A Horror Story: Just What Are Roadside Crosses For, Anyway?

That’s the question I asked when I moved “South”.

Technically, I moved North to go South, as my home area, deep at the end of Florida, is more akin to Brooklyn with palm trees and better weather. Regardless, I found myself wondering what roadside memorial crosses were as they were new to me. Some were garish, others dusty and forgotten; all were sad. This short horror story is the genesis for my series “The Fearless”. I hope you enjoy, and please– let me know what you think. If you love it, great, and if not? I’ve got a callback at Target in their pet department (I can lift heavy things).
Without further ado:

                                                 A Cross for Sammy Ridgeway


It peeped fretfully from the roadside tangle of weeds that streak skyward without
fanfare each June. Less than two feet high, of a simple design, the roadside monument was like the thousands of others that dot the rural South and elicit a sympathetic what a shame or intemperate thoughts of just desserts for rowdy youth. A car accident, a life-or lives- lost, honored with a folk art cross so crude it could only be made by the hand of a relative gone heavy with regret, or shame, or the paralytic sadness that only the death of a child can bring. The scrawled name was accompanied by no date, no prayers, and nothing of distinction. Even the location was indeterminate, being roughly equidistant from no less than six small towns connected by rolling cornfields and pockmarked county roads, consistent in their need for attention from road crews who turned their efforts to more important places.
            Few of the cars that hurtled past would take note of the cross due to the lack of torn brush, or gouged roadside shoulder, or even the odd bit of metal that said there was a body here, once; you should have seen the blood!  There are certain details needed in order to wake the ghoulish undertones of the curious, but that was not what we designed for our bit of roadside theater. Without the lingering hint of a violent death, there was no reason to take interest in another open air tomb at the side of a meaningless road, so each observer puzzled over the name for an instant, shrugged, and then turned back to the song on the radio, their lives, and the next turn. Soon the shadows of Queen Anne’s lace and thistles hid the cross altogether, and it was forgotten by all who had seen it. For the moment.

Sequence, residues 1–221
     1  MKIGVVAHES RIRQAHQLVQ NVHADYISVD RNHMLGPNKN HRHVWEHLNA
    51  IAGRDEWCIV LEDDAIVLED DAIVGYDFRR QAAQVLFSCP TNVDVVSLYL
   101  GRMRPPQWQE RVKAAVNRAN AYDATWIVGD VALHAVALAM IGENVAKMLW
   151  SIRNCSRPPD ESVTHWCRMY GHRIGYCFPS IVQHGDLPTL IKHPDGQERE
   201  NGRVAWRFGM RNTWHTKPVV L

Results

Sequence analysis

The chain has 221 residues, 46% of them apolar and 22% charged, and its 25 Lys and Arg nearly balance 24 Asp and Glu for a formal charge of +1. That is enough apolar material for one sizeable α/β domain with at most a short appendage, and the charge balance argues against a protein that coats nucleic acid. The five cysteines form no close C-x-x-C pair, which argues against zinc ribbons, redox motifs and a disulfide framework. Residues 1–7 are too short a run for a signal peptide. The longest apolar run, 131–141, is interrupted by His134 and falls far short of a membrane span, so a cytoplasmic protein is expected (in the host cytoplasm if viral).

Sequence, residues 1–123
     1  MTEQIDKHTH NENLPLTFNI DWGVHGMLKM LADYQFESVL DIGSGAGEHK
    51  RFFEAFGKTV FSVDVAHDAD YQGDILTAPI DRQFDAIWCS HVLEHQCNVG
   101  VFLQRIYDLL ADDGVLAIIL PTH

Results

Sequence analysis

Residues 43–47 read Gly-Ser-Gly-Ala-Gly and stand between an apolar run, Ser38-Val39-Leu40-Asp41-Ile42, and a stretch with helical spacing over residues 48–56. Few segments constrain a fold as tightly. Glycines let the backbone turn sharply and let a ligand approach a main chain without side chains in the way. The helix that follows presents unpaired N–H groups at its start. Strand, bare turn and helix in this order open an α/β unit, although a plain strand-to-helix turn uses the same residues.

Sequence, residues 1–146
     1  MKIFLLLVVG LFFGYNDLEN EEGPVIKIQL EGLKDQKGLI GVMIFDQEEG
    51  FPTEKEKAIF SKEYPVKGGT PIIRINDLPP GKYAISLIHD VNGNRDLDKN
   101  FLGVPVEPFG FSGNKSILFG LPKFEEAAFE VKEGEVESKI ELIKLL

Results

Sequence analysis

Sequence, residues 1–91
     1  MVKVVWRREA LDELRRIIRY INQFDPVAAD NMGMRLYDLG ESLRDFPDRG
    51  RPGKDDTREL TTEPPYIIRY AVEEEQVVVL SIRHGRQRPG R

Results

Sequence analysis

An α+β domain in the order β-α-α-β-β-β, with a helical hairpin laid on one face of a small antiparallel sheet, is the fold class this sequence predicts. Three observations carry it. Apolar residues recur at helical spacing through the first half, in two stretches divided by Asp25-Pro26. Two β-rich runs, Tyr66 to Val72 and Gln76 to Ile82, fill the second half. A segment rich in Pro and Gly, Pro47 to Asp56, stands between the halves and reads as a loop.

I arrived in the oven of August, tired from waiting for her appearance. Where she slept, I never knew, but the smell of her skin betrayed a history of quartering in haylofts, ditches, even the sweet tang of an abattoir once saturated her rags. My close cropped hair and bland clothes were a reflection of exactly what I wanted the world to see, and in this instance they allowed me to blend as well as was possible in the scrutiny of rural culture. I make it my business to be forgettable, for the most part, and dodge the probing questions of busybodies with the practiced ease of an old hand at the art of avoidance.
I drove to where I knew the cross would be and pulled over, stepping out into the hot breeze that was free from any whisper of relief, as if comfort was a sin that I could not be allowed to enjoy. The listless buzz of unseen insects tapered off lazily as I knelt to the side of the bait, careful not to crush the weeds brittle by the savage prairie summer. Sammy Ridgeway, read the cross. Just right. It was plain but personal, believable. I wrote those folksy letters with the intent that the name would fit in somewhere, if not here, and that was all that counted. I know my business, and I have honed my message over years of trial and error, and in so many nights spent on graveled moonwash, waiting, waiting. Always waiting for her, and for what comes next, until we can move on, sated and giddy under a sky barely dark enough to hide hide my furtive smile, as I veer to the horizon, bloody and reeking of her secrets.
 I circled in place carefully marking the nooks and rises of the surrounding field, now waving in dry cornstalks, fighting mightily not to lose their purchase in the chalky soil. The entire field whispered in brittle protest at my presence, an endless chatter of thirst and resistance to the unending wind, carrying dust and the fortunes of some family one gritty moment at a time.  Soon, I would return, and I wanted to know exactly where I stood on the killing ground when I answered her call. A diligent Helper knows where to be when the blood spills.
            I lost the ability to pass as a high school student only recently, causing me to get creative while building my own evolving personal history. Aging, even slowly, causes detestable changes to my body, especially after decades of beautiful existence without the fear of death. I still feel the sweaty back of a horse under my legs when I dream, or my feet pounding the glorified cow paths that once passed for roads, now covered with the weight of time, or progress, perhaps a strip mall that was even now itself fading into obscurity as time left me further from the shore of my youth, in place so remote I could not recall the most basic snippets of my own beginnings. That is how completely she inhabits me, body and soul, or whatever I have left that currently serves as my conscience.